DEPUTY PRESIDENT ARMSTRONG: The
increase this year has been fairly small because the
number of requests has increased and the available
funds have to be spread more thinly. In many cases
the dollars per grantee has actually decreased this
year. And the purchasing power of those dollars has
also decreased so this, in effect, means less research,
support this year than last year.
UBCR: Is this seriously hampering the University
in its research effort?
DEPUTY PRESIDENT ARMSTRONG: I think it
will restrict the growth of graduate schools in many
areas. This will be the main effect because graduate
students rely on these grants for support. So from
that point of view it will restrict research.
UBCR: In recent years concern has been expressed
about universities doing secret or classified research
for governments or private industry. Can you tell us
what the position is here at UBC with regard to this?
Do we allow secret or classified research to go on?
DEPUTY PRESIDENT ARMSTRONG: No. Our
policy is quite clear. We do not permit any classified
research and we insist that the results of all research
should be publishable by the people doing the 4^^.
research. In some cases we find that our industrial ^^
contracts may lead to results that the company or the
University wishes to patent. In such cases we have to
hold back on publication for a period of six months
or so while patents are applied for. There is a degree
of restriction there but it is usually in the University's
interest if there are patent applications involved. But
we don't accept defence research unless we're
completely free as far as publication is concerned.
UBCR: What mechanisms does the University have
for acceptance of research grants?
DEPUTY PRESIDENT ARMSTRONG: Our Office
of Research Administration examines every grant
application before it is sent to the granting agency. In
the Office of Research Administration under Dr.
Frank Forward, applications are examined for
restrictions on publication and to determine whether
or not the project uses human subjects or animals in
the experimental work, because we have policies with
respect to both of these types of research. So we have
carefully built-in controls for dealing with
restrictions, but also the type of research being done,
the kinds of subject material that is actually being
studied, particularly in the case of human research.
UBCR: Are there occasions when the University
turns back a research fund application?
DEPUTY PRESIDENT ARMSTRONG: I just
turned one back the other day, as a matter of fact.
UBCR: What did it involve?
DEPUTY PRESIDENT ARMSTRONG: The
grantee wanted all the results of the research
restricted and refused to allow publication. I refused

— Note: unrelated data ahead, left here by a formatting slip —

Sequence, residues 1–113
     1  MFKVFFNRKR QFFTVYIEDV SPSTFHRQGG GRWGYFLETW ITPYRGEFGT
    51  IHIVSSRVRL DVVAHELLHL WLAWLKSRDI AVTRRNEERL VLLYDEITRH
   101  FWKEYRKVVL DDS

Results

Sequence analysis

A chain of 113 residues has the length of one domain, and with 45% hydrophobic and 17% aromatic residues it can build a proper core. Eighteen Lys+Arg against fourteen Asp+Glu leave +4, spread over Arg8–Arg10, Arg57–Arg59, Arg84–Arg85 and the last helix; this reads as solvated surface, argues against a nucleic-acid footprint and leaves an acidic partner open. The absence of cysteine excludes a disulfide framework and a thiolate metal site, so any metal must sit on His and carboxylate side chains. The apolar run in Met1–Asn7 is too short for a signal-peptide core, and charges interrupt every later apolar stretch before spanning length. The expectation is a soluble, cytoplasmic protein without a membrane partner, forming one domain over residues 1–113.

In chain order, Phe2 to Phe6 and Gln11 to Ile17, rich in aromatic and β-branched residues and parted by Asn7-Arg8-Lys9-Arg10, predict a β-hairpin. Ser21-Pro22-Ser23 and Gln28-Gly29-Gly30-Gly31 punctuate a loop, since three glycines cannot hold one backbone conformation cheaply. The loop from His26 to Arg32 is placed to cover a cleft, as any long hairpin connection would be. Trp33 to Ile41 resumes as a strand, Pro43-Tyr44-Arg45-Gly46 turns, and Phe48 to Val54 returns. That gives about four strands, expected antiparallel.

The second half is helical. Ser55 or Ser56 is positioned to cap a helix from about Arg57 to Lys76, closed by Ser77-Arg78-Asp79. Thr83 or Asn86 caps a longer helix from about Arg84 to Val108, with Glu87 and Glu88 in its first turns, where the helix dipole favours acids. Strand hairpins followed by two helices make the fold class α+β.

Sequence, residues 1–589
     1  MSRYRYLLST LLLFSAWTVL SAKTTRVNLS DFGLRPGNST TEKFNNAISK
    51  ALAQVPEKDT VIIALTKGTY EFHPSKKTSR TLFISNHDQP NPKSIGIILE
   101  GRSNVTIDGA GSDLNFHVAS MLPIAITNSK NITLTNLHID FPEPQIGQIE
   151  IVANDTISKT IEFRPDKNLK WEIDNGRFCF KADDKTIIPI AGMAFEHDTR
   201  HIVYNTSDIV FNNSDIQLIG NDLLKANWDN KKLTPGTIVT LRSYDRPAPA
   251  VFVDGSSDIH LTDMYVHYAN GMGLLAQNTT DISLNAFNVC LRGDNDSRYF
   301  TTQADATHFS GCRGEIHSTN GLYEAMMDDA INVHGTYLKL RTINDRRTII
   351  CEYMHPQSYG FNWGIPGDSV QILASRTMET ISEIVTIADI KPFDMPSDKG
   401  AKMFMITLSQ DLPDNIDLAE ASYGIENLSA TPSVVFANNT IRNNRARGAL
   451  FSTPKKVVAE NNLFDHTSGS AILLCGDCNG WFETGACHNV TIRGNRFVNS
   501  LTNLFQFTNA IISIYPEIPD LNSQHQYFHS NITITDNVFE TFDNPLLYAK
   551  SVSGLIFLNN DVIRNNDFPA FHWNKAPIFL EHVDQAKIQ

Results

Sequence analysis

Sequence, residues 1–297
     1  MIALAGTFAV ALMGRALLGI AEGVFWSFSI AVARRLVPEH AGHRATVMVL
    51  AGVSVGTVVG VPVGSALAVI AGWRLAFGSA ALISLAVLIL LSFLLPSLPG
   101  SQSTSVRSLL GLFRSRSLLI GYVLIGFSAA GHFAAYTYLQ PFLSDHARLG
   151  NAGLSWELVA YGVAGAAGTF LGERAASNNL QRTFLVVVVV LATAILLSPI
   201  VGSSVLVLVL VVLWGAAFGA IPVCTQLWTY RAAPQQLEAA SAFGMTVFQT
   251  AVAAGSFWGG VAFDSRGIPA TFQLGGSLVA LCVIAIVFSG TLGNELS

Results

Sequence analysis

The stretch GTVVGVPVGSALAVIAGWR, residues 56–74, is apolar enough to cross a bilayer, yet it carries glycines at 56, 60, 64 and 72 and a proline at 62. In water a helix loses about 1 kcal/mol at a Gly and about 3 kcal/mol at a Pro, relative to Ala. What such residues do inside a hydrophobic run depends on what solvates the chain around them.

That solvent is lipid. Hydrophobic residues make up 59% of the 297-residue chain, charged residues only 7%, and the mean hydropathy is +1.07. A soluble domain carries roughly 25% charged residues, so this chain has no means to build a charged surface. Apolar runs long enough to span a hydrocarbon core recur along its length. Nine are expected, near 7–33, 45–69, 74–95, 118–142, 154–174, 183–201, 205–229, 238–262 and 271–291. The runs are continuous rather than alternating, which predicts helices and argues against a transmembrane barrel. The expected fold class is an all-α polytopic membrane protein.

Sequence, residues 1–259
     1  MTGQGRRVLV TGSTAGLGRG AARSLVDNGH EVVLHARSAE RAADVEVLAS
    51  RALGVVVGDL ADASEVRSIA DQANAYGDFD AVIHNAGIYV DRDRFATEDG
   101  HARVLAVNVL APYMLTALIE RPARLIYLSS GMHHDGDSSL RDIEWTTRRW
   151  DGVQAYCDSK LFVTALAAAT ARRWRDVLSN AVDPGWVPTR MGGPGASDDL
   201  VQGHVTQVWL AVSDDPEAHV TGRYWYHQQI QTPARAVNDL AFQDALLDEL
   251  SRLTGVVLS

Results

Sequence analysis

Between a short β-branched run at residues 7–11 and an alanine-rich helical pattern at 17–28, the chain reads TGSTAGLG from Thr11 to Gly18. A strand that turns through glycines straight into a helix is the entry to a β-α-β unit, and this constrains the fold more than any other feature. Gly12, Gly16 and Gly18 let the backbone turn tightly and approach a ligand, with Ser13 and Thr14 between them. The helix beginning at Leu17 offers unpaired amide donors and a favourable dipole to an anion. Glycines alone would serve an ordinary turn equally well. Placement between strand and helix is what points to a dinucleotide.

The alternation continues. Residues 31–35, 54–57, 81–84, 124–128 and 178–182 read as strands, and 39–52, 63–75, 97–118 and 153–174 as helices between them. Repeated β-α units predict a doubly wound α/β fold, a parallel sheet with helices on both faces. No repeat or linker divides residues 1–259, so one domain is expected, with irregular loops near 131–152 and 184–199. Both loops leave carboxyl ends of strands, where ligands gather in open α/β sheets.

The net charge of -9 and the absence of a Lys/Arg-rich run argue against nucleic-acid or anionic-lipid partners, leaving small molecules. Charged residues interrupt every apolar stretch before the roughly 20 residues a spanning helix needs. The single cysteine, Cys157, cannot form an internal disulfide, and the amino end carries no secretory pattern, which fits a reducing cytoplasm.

to accept this contract. The faculty member who
applied for the grant will have to confer with the
granting agency. We will insist on free publication and
in this case, since graduate students are involved, we
will insist that the results be available as the basis for
theses. $15.5 MILLION SPENT ON RESEARCH
University of B.C. faculty members spent
$15,588,863 on research in the 1970-71 fiscal
year which ended on March 31, an increase of
$1,052,671 or 7.24 per cent over the previous
fiscal year.
The 1970-71 increase is in sharp contrast to
the increase in research funds over the
1969-70 fiscal year. Reduced federal
government spending meant an increase of
only $227,733 in 1969-70 over the previous
year.
Figures on research fund allocations at
UBC are compiled by Prof. Frank Forward,
consultant on research administration.
Reproduced below are tables which show
how much each Faculty spent on research,
the source of funds as well as source
distribution and percentage for the last two
fiscal years.
The Faculty totals include funds which
were awarded to students in the form of
fellowships and scholarships. These funds
totalled $2,514,976 in 1969-70 and
$2,799,951 in 1970-71.
The federal government continues to be the
largest single contributor to research at UBC.
In 1970-71 federal funds made up more than
73 per cent of the total received by UBC. (See
Source Percentage table below).
The Faculties of Science and Medicine
again spent the most on research in 1970-71.
The Faculty of Graduate Studies received the
largest increase in research funds, $619,578
over the previous fiscal year.
Only the Faculty of Dentistry showed a
noticeable decline in research funds. The
1969-70 total of $197,030 included funds for
the purchase of several pieces of major
equipment, including an electron microscope,
Dean S. Wah Leung, the head of the Faculty,
told UBC Reports. The reduced 1970-71 total
of $95,865 represents operational research
funds.
SUMMARY   OF   UBC   RESEARCH   FUND   ALLOCATIONS
1969-70 AND 1970-71
SOURCE   OF   FUNDS 196970 1970_7,
Atomic Energy Control Board $ 294,900 $     291,600
Canada Council - Operating         308,954 403,376
Canada Council-Travel       16,850 21,860
Canada Department of Agriculture  81,000 82,935
Central Mortgage and Housing Corp  19,500 19,350
Department of Labor         — 4,000
Department of Transport  81,000 121,922
Defence Research Board-Operating  240,500 251,716
Department of Veterans Administration       .   .   . 11,729 8,061
Energy, Mines and Resources— Earth Physics     . — 1,800
Energy, Mines and Resources — Geography      .   . 3,250 3,500
Energy, Mines and Resources — Geological       .   . 24,625 30,395
Energy, Mines and Resources-Mines       .... 9,000 6,000
Energy, Mines and Resources — Observatories      . 7,000 —
Energy, Mines and Resources — Policy and Planning — 20,740